Religion in Japan has a long and complex history. Most people incorporate aspects of the native Shinto and imported Buddhism. This kind of syncretism started in the 6th century, when Buddhism was introduced to Japan through China.
Shrines and temples had coexisted hand in hand for many centuries before the newly formed government designated Shinto as Japan’s state religion in the early years of the Meiji period during the mid-19th century. One of the consequences of such an act was the destruction and vandalism of many Buddhist temples in Japan, especially in Kagoshima where many of the Meiji revolutionaries originated. That wave of destruction came to Kimotsuki as well.
It is said that there were many old and precious temples throughout Kimotsuki in the old days, including Doryuji Temple, but almost all were destroyed by fanatics. What you see here are new temples built after such acts of violence subsided in the later years of Meiji.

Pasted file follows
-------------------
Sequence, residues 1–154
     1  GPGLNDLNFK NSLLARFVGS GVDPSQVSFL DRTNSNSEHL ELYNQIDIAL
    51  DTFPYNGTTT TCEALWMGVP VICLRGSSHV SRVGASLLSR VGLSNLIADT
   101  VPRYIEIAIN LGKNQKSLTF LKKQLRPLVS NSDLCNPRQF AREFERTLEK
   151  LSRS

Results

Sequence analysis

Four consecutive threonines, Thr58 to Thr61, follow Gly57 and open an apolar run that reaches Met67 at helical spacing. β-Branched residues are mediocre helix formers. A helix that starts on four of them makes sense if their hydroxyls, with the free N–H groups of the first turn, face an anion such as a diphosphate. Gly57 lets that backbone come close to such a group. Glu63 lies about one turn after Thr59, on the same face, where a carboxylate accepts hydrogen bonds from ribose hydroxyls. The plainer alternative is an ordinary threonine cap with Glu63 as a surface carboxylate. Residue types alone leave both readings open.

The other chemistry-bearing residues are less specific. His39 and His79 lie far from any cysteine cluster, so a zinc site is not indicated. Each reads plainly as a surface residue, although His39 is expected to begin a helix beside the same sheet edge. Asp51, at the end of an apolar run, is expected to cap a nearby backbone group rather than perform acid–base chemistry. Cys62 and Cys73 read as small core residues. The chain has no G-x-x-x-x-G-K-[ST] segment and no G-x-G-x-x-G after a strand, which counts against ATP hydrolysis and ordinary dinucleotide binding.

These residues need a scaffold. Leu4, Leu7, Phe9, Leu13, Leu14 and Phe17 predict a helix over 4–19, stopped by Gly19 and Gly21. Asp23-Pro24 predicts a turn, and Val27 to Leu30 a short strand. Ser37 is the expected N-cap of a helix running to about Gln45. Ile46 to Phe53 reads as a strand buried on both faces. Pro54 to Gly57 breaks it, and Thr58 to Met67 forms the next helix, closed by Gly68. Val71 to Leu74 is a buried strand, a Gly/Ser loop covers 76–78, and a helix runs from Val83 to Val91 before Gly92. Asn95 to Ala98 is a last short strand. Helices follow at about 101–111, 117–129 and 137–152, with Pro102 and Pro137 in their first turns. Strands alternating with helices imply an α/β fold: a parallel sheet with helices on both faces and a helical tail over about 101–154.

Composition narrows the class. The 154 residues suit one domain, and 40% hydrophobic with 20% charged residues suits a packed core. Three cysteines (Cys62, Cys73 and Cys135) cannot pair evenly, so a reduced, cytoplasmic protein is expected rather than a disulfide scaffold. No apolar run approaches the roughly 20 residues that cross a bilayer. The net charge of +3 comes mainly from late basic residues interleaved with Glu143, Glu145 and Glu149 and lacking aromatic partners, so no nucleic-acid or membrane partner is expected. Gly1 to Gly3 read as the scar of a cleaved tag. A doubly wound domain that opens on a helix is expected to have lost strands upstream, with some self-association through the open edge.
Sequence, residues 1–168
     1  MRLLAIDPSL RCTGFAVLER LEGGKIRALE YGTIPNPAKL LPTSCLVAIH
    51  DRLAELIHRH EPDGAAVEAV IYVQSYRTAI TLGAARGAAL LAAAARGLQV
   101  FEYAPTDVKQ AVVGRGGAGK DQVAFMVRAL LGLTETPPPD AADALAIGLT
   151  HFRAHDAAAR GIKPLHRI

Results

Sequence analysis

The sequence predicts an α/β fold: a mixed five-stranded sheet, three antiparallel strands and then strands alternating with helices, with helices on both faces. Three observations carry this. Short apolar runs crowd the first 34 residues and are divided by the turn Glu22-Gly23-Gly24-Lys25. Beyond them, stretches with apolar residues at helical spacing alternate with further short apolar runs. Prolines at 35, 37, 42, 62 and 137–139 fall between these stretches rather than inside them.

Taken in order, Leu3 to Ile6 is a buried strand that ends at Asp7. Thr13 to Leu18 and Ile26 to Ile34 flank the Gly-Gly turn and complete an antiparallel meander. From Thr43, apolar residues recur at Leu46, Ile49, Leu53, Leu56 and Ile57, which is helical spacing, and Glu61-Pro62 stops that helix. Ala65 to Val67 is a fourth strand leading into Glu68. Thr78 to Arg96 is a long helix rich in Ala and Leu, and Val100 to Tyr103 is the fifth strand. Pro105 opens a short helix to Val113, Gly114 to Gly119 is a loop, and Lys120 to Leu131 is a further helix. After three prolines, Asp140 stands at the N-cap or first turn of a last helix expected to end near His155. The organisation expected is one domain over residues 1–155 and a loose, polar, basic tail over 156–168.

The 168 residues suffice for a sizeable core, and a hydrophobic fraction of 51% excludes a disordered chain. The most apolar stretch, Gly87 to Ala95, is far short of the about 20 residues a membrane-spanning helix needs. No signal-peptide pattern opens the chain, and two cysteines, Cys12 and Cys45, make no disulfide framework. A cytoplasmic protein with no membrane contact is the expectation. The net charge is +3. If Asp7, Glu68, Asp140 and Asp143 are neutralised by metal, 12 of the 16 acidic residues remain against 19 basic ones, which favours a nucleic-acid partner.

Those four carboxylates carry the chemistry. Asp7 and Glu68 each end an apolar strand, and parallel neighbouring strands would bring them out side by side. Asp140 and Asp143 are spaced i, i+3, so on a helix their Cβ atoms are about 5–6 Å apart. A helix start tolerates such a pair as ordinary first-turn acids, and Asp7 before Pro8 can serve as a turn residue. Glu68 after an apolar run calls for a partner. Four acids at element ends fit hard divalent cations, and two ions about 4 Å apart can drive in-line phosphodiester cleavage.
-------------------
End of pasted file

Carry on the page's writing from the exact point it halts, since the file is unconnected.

The most well known shrine in Kimotsuki is Shijukusho Shrine in Koyama disctict of Kimotsuki, which dates back to the 11th century, and is home to Yabusame Festival in October. The red color of the shrine makes a striking contrast to the lush greens behind the shrine.
When it comes to temples, as explained before, almost all of them were destroyed during the frenzied early years of Meiji. A must visit is Doryuji Temple, which was built by a Chinese Zen monk in the 13th century, named “Ran-kei-doryu,” who eventually ended up in Japan’s capital, Kamakura, and built one of the most famous Zen temples in Japan, Kenchoji Temple.
Doryuji offers another interesting story for anyone visiting the temple. For a detailed account of the story, please go to this page.
Another shrine worth visiting is Takaya Shrine in Uchinoura district of the town, where the local folklore says that the Emperor Keiko, the legendary 12th emperor of Japan, came here to quell the local rebels and stayed for several years before heading back to the capital.